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This image is subject to copyright laws and regulations. "Five-Gallons Short," a painting by Lori Nicholas

Take, for instance the painting titled “Preserving Posterity,” submitted to The Church of Jesus Christ of Latter-day Saints in 2008 to be judged in the Sixth International Art Competition based on family values. It featured her mother-in-law, Janice Nicholas, bottling peaches with her granddaughters. The painting was taken from a picture that graced the cover of the Peach Day publication put out by the Box Elder New Journal that year.

It won high praise from the judges and was displayed at the Museum of Church History and Art in Salt Lake for a time. It now holds a place of honor in the Nicholas household.

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This image is subject to copyright laws and regulations. "Preserving Posterity," a painting by Lori Nicholas

When she was diagnosed with cancer, Lori was already working on the next creation for the fair, Sheena said.

“That drove her. She was a professional and she knew what it meant, not only to her but to everyone else who went to the fair.”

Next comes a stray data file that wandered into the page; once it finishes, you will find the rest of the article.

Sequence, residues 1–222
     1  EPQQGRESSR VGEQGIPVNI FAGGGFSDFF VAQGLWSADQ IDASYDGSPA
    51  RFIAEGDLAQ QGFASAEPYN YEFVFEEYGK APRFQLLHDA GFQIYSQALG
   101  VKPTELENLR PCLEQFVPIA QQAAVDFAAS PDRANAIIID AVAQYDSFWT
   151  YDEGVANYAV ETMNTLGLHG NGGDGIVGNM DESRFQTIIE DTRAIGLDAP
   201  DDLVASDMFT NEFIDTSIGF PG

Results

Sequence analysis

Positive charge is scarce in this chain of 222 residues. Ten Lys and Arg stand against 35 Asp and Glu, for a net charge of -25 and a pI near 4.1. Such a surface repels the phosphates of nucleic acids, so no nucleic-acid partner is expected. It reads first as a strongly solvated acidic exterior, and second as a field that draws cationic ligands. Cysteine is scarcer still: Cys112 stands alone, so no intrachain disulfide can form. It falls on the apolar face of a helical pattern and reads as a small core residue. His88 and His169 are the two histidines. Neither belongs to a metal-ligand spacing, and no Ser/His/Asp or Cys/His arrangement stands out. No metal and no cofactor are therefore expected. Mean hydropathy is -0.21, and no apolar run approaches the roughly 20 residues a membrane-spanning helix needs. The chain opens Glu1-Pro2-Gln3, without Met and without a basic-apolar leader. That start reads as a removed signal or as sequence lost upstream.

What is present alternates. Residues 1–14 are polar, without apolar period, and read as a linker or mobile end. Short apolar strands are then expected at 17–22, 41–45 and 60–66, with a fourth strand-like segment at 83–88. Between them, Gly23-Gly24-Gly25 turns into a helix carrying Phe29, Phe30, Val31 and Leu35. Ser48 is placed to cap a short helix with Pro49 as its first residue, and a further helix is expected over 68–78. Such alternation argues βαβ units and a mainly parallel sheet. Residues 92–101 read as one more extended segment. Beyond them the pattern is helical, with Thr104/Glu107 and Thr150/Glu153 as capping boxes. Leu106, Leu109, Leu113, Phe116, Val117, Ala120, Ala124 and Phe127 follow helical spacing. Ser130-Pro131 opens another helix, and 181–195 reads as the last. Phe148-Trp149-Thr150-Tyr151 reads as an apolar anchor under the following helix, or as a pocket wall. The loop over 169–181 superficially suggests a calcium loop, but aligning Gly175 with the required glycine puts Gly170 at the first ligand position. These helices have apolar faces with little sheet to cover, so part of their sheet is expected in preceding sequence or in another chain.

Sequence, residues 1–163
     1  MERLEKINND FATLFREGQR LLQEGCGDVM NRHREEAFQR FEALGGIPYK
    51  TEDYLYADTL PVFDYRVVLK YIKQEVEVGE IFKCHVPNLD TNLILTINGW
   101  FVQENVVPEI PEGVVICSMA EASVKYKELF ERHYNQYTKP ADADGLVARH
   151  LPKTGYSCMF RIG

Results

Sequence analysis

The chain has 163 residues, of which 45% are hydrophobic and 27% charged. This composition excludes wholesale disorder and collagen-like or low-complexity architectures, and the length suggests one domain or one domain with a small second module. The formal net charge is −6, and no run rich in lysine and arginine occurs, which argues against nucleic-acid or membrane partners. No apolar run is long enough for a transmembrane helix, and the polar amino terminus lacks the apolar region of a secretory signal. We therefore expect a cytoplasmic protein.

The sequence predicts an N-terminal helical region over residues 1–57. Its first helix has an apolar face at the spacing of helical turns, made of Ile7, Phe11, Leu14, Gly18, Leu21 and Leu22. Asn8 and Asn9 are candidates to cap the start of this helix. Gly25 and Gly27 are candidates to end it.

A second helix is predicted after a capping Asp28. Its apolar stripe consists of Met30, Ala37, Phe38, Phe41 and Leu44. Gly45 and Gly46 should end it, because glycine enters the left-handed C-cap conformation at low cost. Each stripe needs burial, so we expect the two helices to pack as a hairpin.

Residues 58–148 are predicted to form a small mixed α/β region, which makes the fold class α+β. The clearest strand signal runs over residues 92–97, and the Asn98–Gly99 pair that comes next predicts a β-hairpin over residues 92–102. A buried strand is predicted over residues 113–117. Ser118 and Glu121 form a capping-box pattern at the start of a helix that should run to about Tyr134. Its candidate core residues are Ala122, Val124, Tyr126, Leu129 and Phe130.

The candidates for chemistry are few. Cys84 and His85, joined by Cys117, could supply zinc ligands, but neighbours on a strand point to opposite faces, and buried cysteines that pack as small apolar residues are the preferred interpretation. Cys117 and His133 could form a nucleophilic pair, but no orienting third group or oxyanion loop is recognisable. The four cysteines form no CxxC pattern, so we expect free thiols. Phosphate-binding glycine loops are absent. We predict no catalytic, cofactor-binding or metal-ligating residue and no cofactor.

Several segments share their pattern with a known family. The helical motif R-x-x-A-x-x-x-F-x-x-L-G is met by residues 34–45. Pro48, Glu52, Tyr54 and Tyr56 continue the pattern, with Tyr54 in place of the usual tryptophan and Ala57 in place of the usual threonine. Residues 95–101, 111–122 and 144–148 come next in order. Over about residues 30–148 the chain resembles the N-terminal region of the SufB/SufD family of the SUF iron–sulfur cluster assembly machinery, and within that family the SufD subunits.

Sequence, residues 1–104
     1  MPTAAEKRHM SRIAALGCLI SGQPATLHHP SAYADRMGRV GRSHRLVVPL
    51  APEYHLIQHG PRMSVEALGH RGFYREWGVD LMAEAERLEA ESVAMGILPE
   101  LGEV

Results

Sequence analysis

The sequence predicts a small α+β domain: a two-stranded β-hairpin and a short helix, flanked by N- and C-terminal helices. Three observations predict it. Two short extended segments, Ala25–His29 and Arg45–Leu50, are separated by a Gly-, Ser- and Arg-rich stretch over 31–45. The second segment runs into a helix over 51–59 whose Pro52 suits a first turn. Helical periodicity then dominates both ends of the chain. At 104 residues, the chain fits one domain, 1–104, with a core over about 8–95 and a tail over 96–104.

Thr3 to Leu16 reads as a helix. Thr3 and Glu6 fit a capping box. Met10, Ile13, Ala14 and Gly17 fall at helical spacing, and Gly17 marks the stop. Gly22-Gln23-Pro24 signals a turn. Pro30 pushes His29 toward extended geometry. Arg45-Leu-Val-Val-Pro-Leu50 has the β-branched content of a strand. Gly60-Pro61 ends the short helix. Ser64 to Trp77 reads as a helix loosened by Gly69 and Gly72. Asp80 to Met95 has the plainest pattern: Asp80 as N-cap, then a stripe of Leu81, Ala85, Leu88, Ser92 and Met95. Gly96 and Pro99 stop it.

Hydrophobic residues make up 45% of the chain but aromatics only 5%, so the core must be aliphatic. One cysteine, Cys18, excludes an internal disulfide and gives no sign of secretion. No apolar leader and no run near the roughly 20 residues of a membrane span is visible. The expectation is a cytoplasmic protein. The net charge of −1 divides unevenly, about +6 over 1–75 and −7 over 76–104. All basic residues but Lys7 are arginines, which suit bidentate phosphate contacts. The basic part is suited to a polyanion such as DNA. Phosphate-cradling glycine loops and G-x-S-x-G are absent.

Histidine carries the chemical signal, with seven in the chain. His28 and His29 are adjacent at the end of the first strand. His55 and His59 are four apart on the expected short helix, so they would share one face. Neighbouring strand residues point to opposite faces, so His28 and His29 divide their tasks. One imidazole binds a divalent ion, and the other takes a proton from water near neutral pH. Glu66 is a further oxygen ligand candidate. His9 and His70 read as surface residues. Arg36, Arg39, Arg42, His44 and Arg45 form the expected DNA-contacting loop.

It was not quite complete when the end came.

But like any great piece of art, Lori will live on because of who she was.

“She regarded her talent as divinely given.” her daughter concluded. “She felt a special stewardship over it, to use it well and wisely, and she did. I’ve no doubt she could have been more, done more with her art but she chose to rise where she did. She chose first to be a mother and wife. She did as much as she felt she needed to do and remain true do that. And for her that was enough.”

In simple terms, Lori Evans Nicholas’ very existence was a masterpiece of color, and her memory, like her artwork, will continue touching lives forever.

Lori and Richard Nicholas - Courtesy photo
This image is subject to copyright laws and regulations. "Blue Boots and Buckaroos," a painting by Lori Nicholas
This image is subject to copyright laws and regulations. "Missing Mary," a painting by Lori Nicholas